Greenfield Joint Venture Procedure Project


The owner/operator of an overseas joint venture project was presented with an array of difficulties when considering the development of the operating procedures required for its multi-unit, multiple product facility. The operating partners of this Greenfield project had differing styles and philosophies between their own companies concerning operating procedures. In addition, the decision was made that the procedures were to be fully compliant with U.S standards, as well as the laws of the host country. Finally, a limited number of subject matter experts were available and, for some portions of the facility in which new technology was used, there were no experts at all.

TDS was contracted by the operating partner to design a procedure format and develop all necessary procedures for the safe, efficient startup and operation of the entire facility. Some of the challenges addressed were:

  • Lack of standards for work process and style
  • Compliance with all applicable host country and U.S. regulations
  • Identification of procedures required
  • Lack of client experts
  • Sustainability


Lack of standards for work process and style
In order to overcome this issue, TDS met with all project stakeholders to create a governance process, which included development of a team of stakeholders and subject matter experts to work on the project, and the definition of roles and responsibilities for each team member. A work process was developed to review and approve the design of procedures and to create standards. Finally, a member of the client team was appointed as the single point of contact for each of the unit development teams. This member interfaced with the TDS project managers to set milestones, review metrics and resolve process contradictions.

Additionally, a system of check-in/check-out protocols was developed along with matching folder structures on a secure website. The system provided the ability to determine the editing status of individual documents, which individual had the document checked out, and how long the document had been checked out. Detailed tracking charts provided quick access to project progress and document status.

Compliance with all applicable host country and U.S. regulations
TDS consulted with client experts and performed independent research to identify host country laws. In-house TDS experts matched the agreed upon procedure format and content with U.S. laws. Then client and TDS experts jointly reviewed templates and lists of procedures to be developed to ensure that all laws had been satisfied. Subsequent client procedure audits confirmed these goals had been attained.

Identification of required procedures
Applicable laws define procedures that must be created. But, in order to ensure that a best-in-class procedure library was developed, TDS used a proprietary system to analyze operator job tasks, objectively rank the tasks and establish cut-off scores based on criticality. Using this system, TDS made recommendations for additional job aids or detailed procedures. The client was presented with this list and worked with TDS to determine how to ensure that operators would have all the information necessary for safe operation.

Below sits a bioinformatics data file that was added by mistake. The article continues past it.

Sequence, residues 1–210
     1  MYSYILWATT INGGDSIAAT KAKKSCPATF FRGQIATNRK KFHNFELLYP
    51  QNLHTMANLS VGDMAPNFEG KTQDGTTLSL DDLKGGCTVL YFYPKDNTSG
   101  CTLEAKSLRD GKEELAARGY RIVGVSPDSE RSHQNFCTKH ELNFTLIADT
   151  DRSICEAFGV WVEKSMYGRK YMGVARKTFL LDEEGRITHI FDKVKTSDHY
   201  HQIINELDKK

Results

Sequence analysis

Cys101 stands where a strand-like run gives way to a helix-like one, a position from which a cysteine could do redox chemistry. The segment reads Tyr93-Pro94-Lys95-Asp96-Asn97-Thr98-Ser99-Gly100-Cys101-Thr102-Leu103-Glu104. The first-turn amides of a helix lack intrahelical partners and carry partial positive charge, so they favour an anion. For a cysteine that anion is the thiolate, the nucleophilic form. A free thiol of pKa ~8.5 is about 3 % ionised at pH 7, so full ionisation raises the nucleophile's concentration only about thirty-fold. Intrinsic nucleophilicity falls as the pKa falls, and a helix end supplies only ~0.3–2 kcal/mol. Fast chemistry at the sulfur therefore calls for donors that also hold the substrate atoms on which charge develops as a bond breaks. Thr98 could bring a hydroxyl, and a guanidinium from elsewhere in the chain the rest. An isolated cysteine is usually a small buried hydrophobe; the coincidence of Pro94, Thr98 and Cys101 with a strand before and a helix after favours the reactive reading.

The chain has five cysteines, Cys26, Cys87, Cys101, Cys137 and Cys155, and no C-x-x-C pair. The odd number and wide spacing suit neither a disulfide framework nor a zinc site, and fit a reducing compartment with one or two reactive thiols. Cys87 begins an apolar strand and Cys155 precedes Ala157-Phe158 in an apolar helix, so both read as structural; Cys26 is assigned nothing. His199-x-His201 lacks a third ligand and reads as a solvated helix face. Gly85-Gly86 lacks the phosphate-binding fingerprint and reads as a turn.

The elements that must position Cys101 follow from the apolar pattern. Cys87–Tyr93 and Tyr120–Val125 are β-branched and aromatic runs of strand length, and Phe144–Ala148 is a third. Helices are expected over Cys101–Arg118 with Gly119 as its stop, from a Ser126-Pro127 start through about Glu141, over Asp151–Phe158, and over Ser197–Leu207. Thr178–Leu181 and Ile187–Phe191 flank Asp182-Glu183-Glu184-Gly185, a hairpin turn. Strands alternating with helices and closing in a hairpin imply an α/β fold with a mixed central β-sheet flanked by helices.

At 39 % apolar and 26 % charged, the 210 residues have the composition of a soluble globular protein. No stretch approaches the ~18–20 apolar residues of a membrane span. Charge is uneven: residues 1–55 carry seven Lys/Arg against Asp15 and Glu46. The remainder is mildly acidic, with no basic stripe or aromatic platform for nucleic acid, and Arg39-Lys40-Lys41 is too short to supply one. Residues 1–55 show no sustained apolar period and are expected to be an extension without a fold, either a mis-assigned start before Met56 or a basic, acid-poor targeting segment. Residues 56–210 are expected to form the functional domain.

Lack of experts
By their nature, Greenfield projects are challenging because training and procedures must be developed prior to startup. This means that there are no experienced personnel who have run the unit before. In order to overcome this challenge, TDS worked with the client to identify experts in either of the joint venture partners’ existing sites. These employees became part of the project team. For units and processes using new technology, engineers designing the processes participated in the development of procedures. Because governance and work processes had already been established, this worldwide team of experts was able to contribute to the project and meet the aggressive schedule for production of procedures.

In order to develop new training materials and operating procedures in time for a Greenfield project startup, it is necessary to begin drafting materials one to two years in advance. This means that much of the early development work is done with technical design data that is still in flux. Process Flow Diagrams (PFDs), Material Balance Information, Process Control Narratives and P&IDs are continuously revised and updated until startup.

To account for the difference between as designed and as built, the templates, style guide, and writing standards developed for the project were transferred to the client to ensure future modifications maintain the same standards as the original documents. Additionally, TDS developers worked on site to train client staff in maintaining existing procedures, and creating new documents.


The operating facility was scheduled for startup three years after the project began. TDS continues to support the organization with ongoing updates. Additional needs have been identified for the new facility’s laboratory and TDS has assigned personnel to develop lab test procedures, commission equipment and assist with training.